With you around, life was always full of extremes.
"I love you the most, Mama," I remember you confessing with a conspiratorial smile one night before bed. You tossed it out almost casually, like a gift. It was our secret.
A few days later, you took it back.
"I don't love you anymore, Mama!" you screamed one frigid night Papa put together a wooden car for you he bought in New York. You decorated it together, with your current favourite colours, blue and yeh-yow.
It seemed like your previous passions of pink and purple had been cruelly forgotten, cast aside, just like my top status in your heart.
What I did that night thirty years ago to offend you, I don't remember. I just recall the ice pick sticking out of my chest at your childlike utterance.
The way you sat on the stairs outside my room and watched me silently cry, eventually crawling into the room and into my embrace so I could make YOU feel better.
Many years and tears have passed since those innocent, throwaway words, and more mature hurts have sprung up between us. The usual mother-daughter battles we are destined and blessed to go through together.
Not everything is a state of emergency anymore. That I am grateful for. My current ticker couldn't take the excitement. I am old and relieved to be free of certain things like tantrums and slammed doors, but I still remember the way you used to pronounce the word "world" like a man from the 1940s. It would come out sounding weirdly wonderful, like "wieuld," and there was nothing better I'd ever heard.
When you were four, you would always skip the number 15 when counting to 20, no matter how many times we reminded you of its existence. You would also cheat constantly at Snakes 'N Ladders, all coy eyes and side grins. I let you win most of the time, for my own peace of mind. If I didn't, you'd turn your back on me and pout out the window. Or immediately demand a rematch. We must have played it eight thousand times. My knees and hips wouldn't survive that wooden floor now.
I don't have to prepare your breakfast anymore, or cajole you to eat something other than crackers. Do you still prefer Cheerios in the morning and shredded cheese and nectarines for dinner? I wonder if your kids will also be picky eaters. You can blame your father for that. You got that gene from him.
Sometimes when Papa and I are sick of playing cards or watching documentaries or just seeing our own faces, we watch videos of you. Back when you had baby teeth and baby thumbs you still sucked at night.
Now your woman's hands remind me of my own, before time and age spots took them hostage. I wish I could hold yours more. I remember painting your nails for the first time, with cheap Frozen polish that came off nearly as quick as it went on. Now it is you taking my arm as we cross the street. Your eyes that scan the roads for any potential danger. That used to be my job.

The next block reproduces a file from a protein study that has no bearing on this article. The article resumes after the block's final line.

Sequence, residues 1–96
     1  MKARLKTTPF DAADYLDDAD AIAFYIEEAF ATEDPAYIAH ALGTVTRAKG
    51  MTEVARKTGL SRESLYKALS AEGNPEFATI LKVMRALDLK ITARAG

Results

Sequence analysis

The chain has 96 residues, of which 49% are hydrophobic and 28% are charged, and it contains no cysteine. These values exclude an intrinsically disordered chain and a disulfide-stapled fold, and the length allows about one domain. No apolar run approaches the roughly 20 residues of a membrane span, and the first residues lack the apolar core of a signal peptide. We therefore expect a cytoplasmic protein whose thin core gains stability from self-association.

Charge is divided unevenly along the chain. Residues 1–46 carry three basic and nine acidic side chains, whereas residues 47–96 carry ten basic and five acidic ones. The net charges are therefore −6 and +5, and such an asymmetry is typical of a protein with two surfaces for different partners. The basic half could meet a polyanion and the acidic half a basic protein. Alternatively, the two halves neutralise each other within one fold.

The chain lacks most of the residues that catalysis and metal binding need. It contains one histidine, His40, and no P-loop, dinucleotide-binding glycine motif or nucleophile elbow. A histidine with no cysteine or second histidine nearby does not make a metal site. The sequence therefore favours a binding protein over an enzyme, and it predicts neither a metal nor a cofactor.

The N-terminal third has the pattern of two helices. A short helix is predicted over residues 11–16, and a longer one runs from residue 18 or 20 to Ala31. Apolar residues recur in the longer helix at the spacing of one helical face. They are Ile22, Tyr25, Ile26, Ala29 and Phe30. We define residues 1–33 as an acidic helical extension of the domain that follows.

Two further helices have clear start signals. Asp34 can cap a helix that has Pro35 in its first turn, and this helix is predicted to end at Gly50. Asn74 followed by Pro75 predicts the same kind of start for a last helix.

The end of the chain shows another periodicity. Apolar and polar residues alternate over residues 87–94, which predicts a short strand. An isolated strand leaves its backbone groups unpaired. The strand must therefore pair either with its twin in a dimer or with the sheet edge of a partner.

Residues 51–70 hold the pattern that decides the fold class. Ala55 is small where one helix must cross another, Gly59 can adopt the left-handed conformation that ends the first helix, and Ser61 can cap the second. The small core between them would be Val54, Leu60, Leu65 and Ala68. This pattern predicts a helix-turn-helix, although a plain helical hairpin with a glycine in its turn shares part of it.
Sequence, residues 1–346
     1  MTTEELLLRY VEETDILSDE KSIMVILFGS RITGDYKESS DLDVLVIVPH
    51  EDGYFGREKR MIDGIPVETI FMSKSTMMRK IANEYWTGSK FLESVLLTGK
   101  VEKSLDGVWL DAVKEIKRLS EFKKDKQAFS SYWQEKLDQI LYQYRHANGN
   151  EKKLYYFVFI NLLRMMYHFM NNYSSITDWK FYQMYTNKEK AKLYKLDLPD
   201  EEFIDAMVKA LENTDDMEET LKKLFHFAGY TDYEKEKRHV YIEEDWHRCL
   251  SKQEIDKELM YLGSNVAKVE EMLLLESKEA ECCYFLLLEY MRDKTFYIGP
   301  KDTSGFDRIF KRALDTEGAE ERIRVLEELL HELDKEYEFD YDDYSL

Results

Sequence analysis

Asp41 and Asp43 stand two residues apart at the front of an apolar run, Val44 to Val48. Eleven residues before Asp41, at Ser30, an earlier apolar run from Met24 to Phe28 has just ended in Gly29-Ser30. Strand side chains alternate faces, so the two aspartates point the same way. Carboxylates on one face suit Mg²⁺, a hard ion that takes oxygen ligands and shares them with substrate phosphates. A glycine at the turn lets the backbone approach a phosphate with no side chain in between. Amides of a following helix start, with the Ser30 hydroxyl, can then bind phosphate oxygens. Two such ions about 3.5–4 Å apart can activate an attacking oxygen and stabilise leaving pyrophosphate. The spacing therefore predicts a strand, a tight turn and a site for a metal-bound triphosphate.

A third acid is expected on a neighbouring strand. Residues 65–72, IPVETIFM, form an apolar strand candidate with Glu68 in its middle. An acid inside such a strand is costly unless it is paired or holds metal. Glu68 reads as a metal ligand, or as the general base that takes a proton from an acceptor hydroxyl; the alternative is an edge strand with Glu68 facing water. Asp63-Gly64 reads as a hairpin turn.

It seems like we have switched places in so many ways.
I remember when you got your first ear infection, how you couldn't hear properly for weeks afterwards. "Talk louder, Mama!" you would shout angrily, thinking I was plotting to annoy you. Your father and I would have to hold you down and force the medicine down your throat. Sometimes the ordeal could last a good 20 minutes while you took breaks and deep breaths.
Now it's me with the bad hearing. I long to listen to you hum under your breath. I wouldn't even mind your incessant questions, your constant "why?"s. Your quick video calls these days just aren't the same as seeing you up close, seated beside me on the couch. When you come home on Sundays and lean in and talk into my good ear, it feels like love. It feels like you never left the nest.
It's the only time my heart doesn't hurt in my chest.
I remember that old intimacy we had when I was still young and you were a small child. The way you would depend on me for everything. How you would curl up in my lap for comfort. The way I would croon and rock you back and forth, soothing away a world of hurts with only my arms and heart.
I felt so powerful then, so full of womanly focus and purpose. I was a lioness.
I know you feel the distance, the pain of being growing up. Sometimes you still bury your face in my neck and pull me close when the loneliness gets too much.
There are days when it feels like all I have left are aches and pains and crosswords. Pills and doctor's appointments. There are no more forks in the road for me, just rest and reflection. There is a time for living, and a time for introspection.
Now I get to sip chai tea all day long and finally get around to reading all those books I bought and piled in a tower in the bedroom. I await your visits and the possibility of grandchildren and ponder all the lines on my old lady hands, the ones that have led me to you, my unconditional love.